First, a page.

It’s okay to Over Communicate

At the end of the day, among all the different teams, we are one team working together to achieve the same goal.

Hi everyone! My name is Meaghan Corej and this fall semester I have had the opportunity to work with Digitas Health as the account management intern. Typically DH only hires interns over the summer, but I was lucky to interview for a position due to COVID’s circumstances. This past summer, leading up to my senior year, I went through the interview process in hopes of being hired as a summer intern at Publicis Health. Unfortunately, as most of us suffered because of the pandemic, my internship was drastically moved online. The entire program was shifted from a hands on, independent experience, to a more informational program. I am still very lucky I was able to have some type of academic instruction and I definitely gained a deeper understanding of pharmaceutical advertising. Through this summer program,  I was able to network with students from all over the country, speak with healthcare professionals, and participate in a mentorship program. Without this summer opportunity, I would not be working as an intern at DH today. I am thankful Publicis created a beneficial program and therefore in my featured image picture, you can see me showing off my swag item they sent all of the new interns!

I titled my blog post, “it’s okay to Over Communicate” because I think the most useful thing I observed while working with the account management team is the amount of communication used daily and how team members are informed. There is no such thing as too much communication. You of course aren’t sending every single update directly to everyone on the entire team, both HCP and Consumer, but there is never a time when you don’t have to CC someone via email.  For example, some people on the account team don’t tend to daily tasks, so it is my responsibility every Friday to email them our internal team’s materials for all of the current projects. This gives them a brief overview on the status of a project and provides next steps. This helps keep everyone informed.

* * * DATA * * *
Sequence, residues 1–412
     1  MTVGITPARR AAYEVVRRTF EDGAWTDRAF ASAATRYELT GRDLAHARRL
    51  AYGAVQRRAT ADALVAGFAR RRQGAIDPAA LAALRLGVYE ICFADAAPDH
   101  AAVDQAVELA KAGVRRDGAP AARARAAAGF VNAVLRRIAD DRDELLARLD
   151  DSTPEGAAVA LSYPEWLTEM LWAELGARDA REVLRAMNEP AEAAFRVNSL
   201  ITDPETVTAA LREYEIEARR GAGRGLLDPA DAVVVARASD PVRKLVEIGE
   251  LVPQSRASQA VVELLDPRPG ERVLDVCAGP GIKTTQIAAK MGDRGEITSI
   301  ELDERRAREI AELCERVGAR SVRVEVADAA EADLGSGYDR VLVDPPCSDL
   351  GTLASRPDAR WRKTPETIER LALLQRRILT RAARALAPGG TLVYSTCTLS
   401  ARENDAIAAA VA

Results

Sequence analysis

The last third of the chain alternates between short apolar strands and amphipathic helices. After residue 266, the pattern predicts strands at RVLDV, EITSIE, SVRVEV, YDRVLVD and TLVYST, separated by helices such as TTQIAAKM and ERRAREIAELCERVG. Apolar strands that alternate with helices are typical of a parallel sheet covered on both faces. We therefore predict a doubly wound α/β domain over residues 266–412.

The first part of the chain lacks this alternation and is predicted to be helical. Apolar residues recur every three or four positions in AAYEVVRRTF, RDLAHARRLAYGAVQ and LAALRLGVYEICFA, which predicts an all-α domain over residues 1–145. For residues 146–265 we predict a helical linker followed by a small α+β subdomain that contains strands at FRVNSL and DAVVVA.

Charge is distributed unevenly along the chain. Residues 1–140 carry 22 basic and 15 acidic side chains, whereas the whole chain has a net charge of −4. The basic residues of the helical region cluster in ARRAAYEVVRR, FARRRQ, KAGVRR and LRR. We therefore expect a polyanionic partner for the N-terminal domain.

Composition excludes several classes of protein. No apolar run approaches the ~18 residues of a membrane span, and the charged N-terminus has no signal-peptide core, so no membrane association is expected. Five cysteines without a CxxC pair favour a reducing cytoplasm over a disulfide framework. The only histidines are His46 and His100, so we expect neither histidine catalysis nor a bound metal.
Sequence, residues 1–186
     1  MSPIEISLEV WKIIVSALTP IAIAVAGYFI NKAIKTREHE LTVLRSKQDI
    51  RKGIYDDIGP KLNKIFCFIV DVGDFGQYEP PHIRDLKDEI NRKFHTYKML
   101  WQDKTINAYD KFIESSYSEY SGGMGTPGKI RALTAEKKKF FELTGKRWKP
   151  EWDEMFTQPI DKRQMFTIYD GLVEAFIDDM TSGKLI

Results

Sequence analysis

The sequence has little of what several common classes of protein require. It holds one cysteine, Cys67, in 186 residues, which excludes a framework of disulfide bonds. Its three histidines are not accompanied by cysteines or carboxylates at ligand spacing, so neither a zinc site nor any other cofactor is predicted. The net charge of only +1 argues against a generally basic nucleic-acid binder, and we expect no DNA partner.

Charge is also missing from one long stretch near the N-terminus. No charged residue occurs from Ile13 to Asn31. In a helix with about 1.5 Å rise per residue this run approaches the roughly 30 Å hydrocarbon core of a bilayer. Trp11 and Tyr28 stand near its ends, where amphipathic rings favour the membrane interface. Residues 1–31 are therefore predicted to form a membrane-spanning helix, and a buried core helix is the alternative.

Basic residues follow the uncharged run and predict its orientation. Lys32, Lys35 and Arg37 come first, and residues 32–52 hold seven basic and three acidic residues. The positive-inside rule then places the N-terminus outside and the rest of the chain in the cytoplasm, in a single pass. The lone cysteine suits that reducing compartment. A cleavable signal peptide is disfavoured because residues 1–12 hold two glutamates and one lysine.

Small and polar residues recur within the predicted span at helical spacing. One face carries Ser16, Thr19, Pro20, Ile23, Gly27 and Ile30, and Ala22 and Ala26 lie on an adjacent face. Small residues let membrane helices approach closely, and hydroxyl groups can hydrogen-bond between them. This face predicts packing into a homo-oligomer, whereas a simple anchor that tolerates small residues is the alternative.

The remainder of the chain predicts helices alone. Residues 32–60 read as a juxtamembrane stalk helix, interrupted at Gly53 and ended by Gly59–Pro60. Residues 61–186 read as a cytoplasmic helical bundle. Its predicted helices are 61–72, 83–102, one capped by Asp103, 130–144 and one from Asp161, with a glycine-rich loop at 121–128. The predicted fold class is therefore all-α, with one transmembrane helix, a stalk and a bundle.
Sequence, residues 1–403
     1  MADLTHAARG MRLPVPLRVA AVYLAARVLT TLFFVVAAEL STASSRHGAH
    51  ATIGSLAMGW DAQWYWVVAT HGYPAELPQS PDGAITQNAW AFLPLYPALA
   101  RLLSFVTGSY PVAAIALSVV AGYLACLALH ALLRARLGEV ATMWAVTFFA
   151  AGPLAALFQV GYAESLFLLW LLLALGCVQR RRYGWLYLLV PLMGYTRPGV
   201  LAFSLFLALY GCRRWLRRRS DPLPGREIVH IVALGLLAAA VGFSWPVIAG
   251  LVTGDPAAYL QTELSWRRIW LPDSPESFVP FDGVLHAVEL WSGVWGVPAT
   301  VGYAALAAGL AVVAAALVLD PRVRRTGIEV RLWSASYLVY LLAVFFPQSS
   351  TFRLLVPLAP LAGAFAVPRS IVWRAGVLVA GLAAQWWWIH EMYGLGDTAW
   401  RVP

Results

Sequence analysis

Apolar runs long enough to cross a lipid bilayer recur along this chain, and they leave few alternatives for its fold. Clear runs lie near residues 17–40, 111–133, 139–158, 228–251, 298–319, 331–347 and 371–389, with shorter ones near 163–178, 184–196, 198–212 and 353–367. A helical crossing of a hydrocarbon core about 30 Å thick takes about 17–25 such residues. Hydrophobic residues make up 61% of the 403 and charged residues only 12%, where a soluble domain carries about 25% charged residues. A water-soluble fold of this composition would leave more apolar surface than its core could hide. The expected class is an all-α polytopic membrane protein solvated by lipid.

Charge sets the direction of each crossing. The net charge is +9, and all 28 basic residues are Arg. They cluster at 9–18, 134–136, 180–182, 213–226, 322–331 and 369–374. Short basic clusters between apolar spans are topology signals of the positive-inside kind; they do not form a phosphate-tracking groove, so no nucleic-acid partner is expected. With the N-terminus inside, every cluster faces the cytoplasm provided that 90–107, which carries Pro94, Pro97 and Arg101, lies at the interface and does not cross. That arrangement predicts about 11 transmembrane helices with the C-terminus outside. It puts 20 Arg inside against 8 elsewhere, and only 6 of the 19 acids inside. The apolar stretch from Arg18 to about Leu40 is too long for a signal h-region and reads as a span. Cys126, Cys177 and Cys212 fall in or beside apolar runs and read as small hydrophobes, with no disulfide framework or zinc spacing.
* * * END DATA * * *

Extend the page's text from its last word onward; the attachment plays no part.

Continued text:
I also learned that everyone of my team is quick to communicate. We use Microsoft Teams to video chat, message, and send updates to specific teams. My team is very comfortable with quickly pinging someone if they have an immediate question. Some communication is very formal, especially when it comes to emails with clients, but other communication internally with the team is casual. I constantly communicate with the project management team and if I ever have a quick question or want to clarity a task, a short unplanned video chat is typical.

Even after meetings, there is constant communication. For example, there is always a follow up email after a meeting. This breaks down a general list of recapping what was discussed, what changes need to be made, and next steps for when to meet.

If there is every hesitation or you are unsure of something, ask! No one is every going to be upset for asking a question. Communication is a vital part of being a successful account manager. You have to communicate with your internal team, the client, the medical team and the creative team. There are so many working parts to being an account manager, and by over communicating, you can be sure to have everyone on the same page and informed. At the end of the day, among all the different teams, we are one team working together to achieve the same goal.


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